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Googles definition of class says "course of instruction". Would that mean a class could be something taught to a single person over a period of time?

  • Yes, but we wouldn't normally call that a class, so if that's the whole definition, it's dodgy. – Minty May 10 at 13:26
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    No, a course of instruction doesn't imply something taught to a single person. Note that your over a period of time could just mean a single period (this afternoon, for example), but a "course" of instruction strongly implies multiple lessons (every afternoon next week, for example). – FumbleFingers May 10 at 13:27
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    I suspect there is a different understanding of the word between the UK and the US. As a Canadian, I have no problem with there being a class taught to one person. To me, a class is a class, regardless of how many people attend. On the other hand, I think it's unusual in the UK to describe a single person attending a class. (I think it would more often be thought of as a series of tutoring sessions.) – Jason Bassford May 10 at 17:49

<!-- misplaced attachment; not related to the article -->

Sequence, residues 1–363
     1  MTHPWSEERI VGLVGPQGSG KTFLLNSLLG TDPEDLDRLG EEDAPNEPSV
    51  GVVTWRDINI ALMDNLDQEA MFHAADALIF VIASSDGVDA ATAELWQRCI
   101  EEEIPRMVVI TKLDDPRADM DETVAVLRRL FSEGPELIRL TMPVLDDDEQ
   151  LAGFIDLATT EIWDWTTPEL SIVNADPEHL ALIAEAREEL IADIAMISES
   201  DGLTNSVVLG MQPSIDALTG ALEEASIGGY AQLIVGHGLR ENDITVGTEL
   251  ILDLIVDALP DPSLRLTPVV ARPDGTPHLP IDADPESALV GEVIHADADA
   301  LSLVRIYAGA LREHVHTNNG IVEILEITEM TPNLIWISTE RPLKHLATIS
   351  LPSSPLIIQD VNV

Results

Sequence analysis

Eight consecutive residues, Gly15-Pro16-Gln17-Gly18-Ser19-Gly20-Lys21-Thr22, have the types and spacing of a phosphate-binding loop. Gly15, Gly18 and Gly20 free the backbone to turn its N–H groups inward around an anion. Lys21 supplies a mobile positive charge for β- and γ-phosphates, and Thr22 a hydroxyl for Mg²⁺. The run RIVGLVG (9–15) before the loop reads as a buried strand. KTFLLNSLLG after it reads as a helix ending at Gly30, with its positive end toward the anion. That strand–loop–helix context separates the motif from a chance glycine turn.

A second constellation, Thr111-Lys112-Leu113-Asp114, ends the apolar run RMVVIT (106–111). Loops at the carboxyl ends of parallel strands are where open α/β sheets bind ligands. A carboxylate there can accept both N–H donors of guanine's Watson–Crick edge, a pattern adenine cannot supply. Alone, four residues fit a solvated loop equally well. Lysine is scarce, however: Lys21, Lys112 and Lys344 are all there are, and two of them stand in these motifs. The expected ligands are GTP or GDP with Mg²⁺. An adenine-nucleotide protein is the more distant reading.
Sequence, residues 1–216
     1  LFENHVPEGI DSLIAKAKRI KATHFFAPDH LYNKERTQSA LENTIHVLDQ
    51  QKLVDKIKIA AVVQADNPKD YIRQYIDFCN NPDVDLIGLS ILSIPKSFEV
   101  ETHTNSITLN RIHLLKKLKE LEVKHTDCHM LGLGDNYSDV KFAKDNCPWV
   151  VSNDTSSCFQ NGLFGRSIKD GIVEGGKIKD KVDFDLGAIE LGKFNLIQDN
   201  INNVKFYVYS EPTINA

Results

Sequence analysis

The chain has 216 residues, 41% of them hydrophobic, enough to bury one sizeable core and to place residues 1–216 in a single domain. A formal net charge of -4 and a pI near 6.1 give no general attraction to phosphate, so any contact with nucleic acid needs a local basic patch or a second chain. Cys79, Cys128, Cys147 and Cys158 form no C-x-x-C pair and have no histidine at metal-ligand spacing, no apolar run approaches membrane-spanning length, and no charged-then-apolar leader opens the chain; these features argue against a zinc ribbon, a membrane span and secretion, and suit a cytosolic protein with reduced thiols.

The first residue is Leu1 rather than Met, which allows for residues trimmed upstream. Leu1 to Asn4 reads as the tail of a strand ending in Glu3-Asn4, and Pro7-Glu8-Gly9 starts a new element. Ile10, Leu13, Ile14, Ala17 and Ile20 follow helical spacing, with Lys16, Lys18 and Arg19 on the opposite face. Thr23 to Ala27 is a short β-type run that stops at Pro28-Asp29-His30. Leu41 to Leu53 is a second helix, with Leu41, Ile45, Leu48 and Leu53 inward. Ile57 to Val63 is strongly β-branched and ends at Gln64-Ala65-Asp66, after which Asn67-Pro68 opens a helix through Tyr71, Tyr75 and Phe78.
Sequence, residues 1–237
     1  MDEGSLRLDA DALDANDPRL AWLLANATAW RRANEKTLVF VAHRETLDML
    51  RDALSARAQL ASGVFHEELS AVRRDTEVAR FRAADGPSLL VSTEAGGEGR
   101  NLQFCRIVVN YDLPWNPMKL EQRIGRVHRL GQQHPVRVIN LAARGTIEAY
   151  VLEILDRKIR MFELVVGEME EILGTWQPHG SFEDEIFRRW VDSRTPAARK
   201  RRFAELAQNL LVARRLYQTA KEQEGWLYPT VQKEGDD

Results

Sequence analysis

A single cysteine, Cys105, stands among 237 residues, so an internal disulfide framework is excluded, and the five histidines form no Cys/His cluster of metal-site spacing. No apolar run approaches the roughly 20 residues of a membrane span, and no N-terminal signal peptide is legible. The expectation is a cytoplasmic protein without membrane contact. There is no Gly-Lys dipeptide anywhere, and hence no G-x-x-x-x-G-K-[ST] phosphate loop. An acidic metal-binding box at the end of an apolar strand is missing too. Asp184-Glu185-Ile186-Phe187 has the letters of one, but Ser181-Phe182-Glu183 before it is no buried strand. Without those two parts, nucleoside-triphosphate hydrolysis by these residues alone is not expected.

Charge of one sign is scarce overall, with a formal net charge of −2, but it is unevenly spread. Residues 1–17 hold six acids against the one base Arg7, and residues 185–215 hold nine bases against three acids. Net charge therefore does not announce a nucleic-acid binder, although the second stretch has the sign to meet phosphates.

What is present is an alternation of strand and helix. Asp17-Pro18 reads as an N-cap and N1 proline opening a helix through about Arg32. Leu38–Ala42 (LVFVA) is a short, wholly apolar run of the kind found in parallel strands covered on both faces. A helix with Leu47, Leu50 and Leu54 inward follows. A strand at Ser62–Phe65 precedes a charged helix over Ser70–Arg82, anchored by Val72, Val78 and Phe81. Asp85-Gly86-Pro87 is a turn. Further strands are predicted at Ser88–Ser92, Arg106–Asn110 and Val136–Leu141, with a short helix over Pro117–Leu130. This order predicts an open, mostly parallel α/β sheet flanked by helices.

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    You could teach a class or course of instruction to one person in the US, but it wouldn't be the norm. Unless someone explained it, you would assume it would be for a group of people. – Karlomanio May 10 at 22:17
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    To me a class is a group of students being taught together - by extension it can mean the course they are taking, but there still has to be a group. I'm not sure whether it's a UK/US thing, or just a difference between individual speakers. If you are taking one-on-one lessons then 99 times out of 100 they are not going to follow a syllabus that has been planned out in advance, so won't be a course - but that 100th time they will, AFAIC. – Minty May 12 at 20:23
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Typically, a class, or a course, is taught to a number of students together. The words class and course can be applied to one-on-one instruction, but such cases are marginal; they are not what one first thinks of when one hears these words. The words are most likely to be applied to one-on-one instruction in the contexts in which the similarities between such instruction and the instruction in groups are more relevant than the differences. For example, a student who says 'I am taking four classes this term', may be including in that number a ‘reading course’ or an ‘independent study project’ that he is taking alone—this is because the one-on-one character of that class is irrelevant to the point of the communication (which is about his workload or the total academic credit earned).

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